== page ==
St Peter's School and Church, Walworth

St Peter's School and Church, Walworth

Wednesday 1 December 2010

Canon Horsley

No picture of St Peter’s School in the Victorian age would be complete without making reference to the Rev. John W. Horsley. The 48 year old Rev. Horsley arrived at St Peter’s Church as the new Rector in January 1894. He was six feet tall and had had a beard since he was 16. He immediately created an impression in the area, and is almost singularly responsible for opening up the crypt of the church to community activities, turning a disused graveyard into a park and later securing the deal that would give St Peter’s its present school building in Liverpool Grove. 
In 1904 Rev. Horsley became the Canon of Southwark and even held the position of Mayor of Southwark for a year in 1910. Wherever he was stationed in his professional life he associated himself with the local government of the town, gaining much influence in a range of projects for the improvement in the conditions in which the poor lived. 

With his long beard and his warnings to drunkards to turn away from the demon drink, Horsley must have reminded people of an Old Testament Prophet. But there was more to him than met the eye. He was a shrewd character, and enjoyed a good deal of fun with everyone as well as winning the affection and respect of everybody he worked amongst.
Rev Horsley, 2nd from right, at the Newington Workhouse in Westmoreland Road

He was a regular visitor to the school, and eventually taught the children religious instruction daily. His keen interest in botany and zoology meant he was more than just a teacher of religious education. He specialised in Conchology, and often brought an assortment of shells from his large collection in to St Peter’s School for the pupils to study and draw. 

Horsley was only too aware of the difficulty many of the parents, let alone the children, had with reading and writing. Especially the poor women who worked in the local factories, and who probably never picked up a pen once they left school. He could, however, see the funny side, and compiled a folder showing the illiteracy of the parents. “And their spelling!” he bewailed, when a child was absent from St Peter’s School a slip was sent home for the parent to explain the absence. A selection of these slips in Horsley’s collection revealed that a common excuse - that of sending a child on an errand - when transferred to paper came out in a variety of ways. “To go of anarrand”, “Detain on arond”, “To get some arrants”, “To go for a reant”, “To go on an arreind”. 

Other excuses included “Ceapt by his father”, “Whas kept away beCos he Wos hill”, “Very pooly so I kept him A tomb”, “BeCars He Whas to late”, “To late for Scwol”, “20 mints two late”, “Sent to mis tomkns cool for his hie is Bad”, “I will send my sun next monday if hable”, “Hat ome be cose he Was so hill I ad to give hin son meesen [medicine],” “He plad the truent,” and so on. The prize however, must go to the mum who wrote “bil is got the beleak” which even the experienced reader might not realise was young William suffering a gastric inconvenience – bellyache!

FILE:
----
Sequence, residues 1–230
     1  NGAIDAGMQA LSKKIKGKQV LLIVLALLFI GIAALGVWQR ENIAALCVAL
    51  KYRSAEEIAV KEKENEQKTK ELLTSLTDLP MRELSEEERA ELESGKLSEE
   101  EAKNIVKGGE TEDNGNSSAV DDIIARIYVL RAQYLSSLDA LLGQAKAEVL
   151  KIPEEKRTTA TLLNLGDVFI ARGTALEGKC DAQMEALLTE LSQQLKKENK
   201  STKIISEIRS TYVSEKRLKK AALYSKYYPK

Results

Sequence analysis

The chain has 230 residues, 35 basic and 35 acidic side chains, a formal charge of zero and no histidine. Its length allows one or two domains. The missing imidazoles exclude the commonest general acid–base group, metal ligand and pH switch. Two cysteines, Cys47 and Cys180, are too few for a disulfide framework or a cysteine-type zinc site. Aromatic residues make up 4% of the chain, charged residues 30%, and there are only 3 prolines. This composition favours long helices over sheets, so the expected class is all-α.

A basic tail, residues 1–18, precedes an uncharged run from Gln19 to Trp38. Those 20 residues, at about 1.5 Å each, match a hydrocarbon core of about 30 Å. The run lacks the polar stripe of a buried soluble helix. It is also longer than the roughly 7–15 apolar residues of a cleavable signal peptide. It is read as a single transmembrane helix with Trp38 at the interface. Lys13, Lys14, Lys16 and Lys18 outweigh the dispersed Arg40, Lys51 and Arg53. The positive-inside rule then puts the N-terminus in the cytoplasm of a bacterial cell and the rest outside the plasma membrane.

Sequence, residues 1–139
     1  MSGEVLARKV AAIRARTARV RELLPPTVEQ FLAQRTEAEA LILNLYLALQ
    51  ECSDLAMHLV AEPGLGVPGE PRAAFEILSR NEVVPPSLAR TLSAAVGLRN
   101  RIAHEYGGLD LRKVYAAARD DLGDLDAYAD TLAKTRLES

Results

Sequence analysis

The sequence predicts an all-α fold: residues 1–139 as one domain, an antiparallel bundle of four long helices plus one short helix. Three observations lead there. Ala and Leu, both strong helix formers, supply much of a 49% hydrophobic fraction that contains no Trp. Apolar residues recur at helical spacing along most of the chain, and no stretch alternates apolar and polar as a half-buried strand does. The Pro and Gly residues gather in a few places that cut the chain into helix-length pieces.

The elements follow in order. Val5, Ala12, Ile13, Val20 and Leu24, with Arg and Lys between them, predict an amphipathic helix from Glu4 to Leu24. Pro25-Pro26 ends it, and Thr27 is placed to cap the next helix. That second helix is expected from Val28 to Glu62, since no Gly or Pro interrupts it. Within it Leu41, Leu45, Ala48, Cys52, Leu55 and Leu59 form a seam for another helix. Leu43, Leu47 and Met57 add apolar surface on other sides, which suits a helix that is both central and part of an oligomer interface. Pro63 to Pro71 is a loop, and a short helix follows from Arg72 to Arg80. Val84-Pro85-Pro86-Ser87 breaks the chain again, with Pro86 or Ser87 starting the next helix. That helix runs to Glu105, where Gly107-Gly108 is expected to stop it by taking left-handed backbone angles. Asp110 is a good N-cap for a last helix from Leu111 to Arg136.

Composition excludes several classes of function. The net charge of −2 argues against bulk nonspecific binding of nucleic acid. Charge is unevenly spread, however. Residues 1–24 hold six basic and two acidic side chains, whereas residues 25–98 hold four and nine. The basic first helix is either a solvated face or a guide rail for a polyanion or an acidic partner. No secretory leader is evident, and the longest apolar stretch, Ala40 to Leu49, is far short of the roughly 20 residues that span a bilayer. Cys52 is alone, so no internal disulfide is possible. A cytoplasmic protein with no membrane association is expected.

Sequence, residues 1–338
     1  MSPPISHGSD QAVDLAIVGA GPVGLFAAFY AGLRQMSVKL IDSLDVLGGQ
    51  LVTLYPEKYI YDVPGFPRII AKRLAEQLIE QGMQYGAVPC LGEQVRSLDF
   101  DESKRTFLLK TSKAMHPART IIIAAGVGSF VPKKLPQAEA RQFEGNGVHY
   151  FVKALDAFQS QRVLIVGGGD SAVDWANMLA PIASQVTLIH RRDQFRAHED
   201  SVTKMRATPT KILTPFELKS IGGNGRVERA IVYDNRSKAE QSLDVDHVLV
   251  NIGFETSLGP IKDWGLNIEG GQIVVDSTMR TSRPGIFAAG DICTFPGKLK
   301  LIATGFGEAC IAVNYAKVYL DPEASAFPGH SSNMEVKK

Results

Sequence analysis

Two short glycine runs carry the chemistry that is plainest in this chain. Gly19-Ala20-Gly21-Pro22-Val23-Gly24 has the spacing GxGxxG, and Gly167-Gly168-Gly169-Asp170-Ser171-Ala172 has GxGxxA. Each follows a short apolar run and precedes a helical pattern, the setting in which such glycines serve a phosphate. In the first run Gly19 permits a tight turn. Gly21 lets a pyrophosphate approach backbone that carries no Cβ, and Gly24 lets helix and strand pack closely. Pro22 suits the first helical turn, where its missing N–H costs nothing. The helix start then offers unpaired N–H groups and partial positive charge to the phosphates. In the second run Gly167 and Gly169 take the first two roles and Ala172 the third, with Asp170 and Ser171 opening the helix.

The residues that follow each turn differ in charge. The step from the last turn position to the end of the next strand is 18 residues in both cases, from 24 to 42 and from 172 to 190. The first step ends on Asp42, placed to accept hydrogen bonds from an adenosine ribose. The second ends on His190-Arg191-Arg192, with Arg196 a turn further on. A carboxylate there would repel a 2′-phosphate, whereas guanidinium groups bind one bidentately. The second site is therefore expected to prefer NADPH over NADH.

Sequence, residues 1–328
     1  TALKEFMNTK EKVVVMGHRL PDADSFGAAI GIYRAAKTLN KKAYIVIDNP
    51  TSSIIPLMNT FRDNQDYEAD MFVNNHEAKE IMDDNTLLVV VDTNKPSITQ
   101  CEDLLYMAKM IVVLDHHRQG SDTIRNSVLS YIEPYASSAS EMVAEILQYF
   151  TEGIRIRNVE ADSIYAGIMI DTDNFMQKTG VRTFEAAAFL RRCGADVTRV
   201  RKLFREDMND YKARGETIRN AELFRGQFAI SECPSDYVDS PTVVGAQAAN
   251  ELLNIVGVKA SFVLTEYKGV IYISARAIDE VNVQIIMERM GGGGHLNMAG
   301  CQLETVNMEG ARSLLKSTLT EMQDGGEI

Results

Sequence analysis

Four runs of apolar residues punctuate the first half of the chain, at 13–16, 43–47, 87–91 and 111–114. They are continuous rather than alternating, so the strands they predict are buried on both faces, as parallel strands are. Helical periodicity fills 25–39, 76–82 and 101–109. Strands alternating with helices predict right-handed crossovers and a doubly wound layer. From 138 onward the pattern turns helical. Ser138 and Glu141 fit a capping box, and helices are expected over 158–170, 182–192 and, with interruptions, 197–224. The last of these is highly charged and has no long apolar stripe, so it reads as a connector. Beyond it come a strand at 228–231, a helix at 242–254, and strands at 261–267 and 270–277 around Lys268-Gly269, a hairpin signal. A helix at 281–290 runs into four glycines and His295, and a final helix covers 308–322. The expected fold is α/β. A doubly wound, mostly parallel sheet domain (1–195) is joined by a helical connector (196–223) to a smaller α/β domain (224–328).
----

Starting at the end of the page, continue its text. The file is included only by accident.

One of Horsley's pastimes was the menagerie he kept in the back garden of the Rectory, which, in fine weather, never failed to attract bands of small children and curious grown ups. The animals included a colony of guinea pigs which were contained inside a moveable wire enclosure. This was regularly repositioned across the lawn and (in effect) worked as a lawnmower doing wonders for the quality of the grass. Other creatures were loaned to the Rector for periods of time making up a charming miniature zoo.

The Monkey Park 1901 

Among the feathered varieties on display were a pair of owls kept in a cage beneath the shade of a tree, some jacobin pigeons in another cage, and some cockatoos. But it was a handful of little monkeys of different species that were the main attraction. Kept on long chains so they could roam about without escaping, there was always lots of interest in them, especially when they got entangled and a fight ensued. Named Jimmy, Joe and Baby, they brought hours of fun to the little ...monkeys of St Peter's parish.

The menagerie was fondly remembered long after Canon Horsley's demise. Even today, a century later, there is still a part of the church grounds that is known as 'The Monkey Garden' or 'the Monkey Park.'

John W. Horsley in his younger days

Copyright: Jack McInroy © 2010 - Adapted 2012


  1. Fascinating. Just found in an old copy of my Sunday Times Newspaper dated 6.03.16 in the gardening section, an article featuring Julie Myerson. She wrote The Lovely Bones book. SHe now lives in the Vicarage and her garden is indeed in the Monkey Garden!.

    1. Think there is a bit of confusion here. Alice Sebold wrote "The Lovely Bones" I think the reference to the lovely bones in the Times article was artistic licence as Julie Myerson's garden overlooks the Graveyard. Myerson wrote "Home"


  3. Upon inspecting books in my wife's uncle's possession until his death, we came upon a copy of Defoe's "Robinson Crusoe" published in London in the early 1900's. Inscribed on the frontispiece is a note from Rev. Canon Horsley who gifted this beautiful book to "Geo. Webb for perfect attendance, Christmas, 1903." George Webb served in Europe during the First World War as a corporal in the British cavalry. There is a stamp from "St. Petris School, Walworth" also on the front cover. I can only imagine the commitment the Rev. Canon had to his pupils and his commitment to religious instruction as described in this article. Thank you for helping to connect these thoughts and events in our family history. Perhaps this instruction helped Corporal Webb during the challenges of the terrible conflict at that time.

    1. Thanks John.
      If there is any chance of a photo/scan it will be greatly appreciated.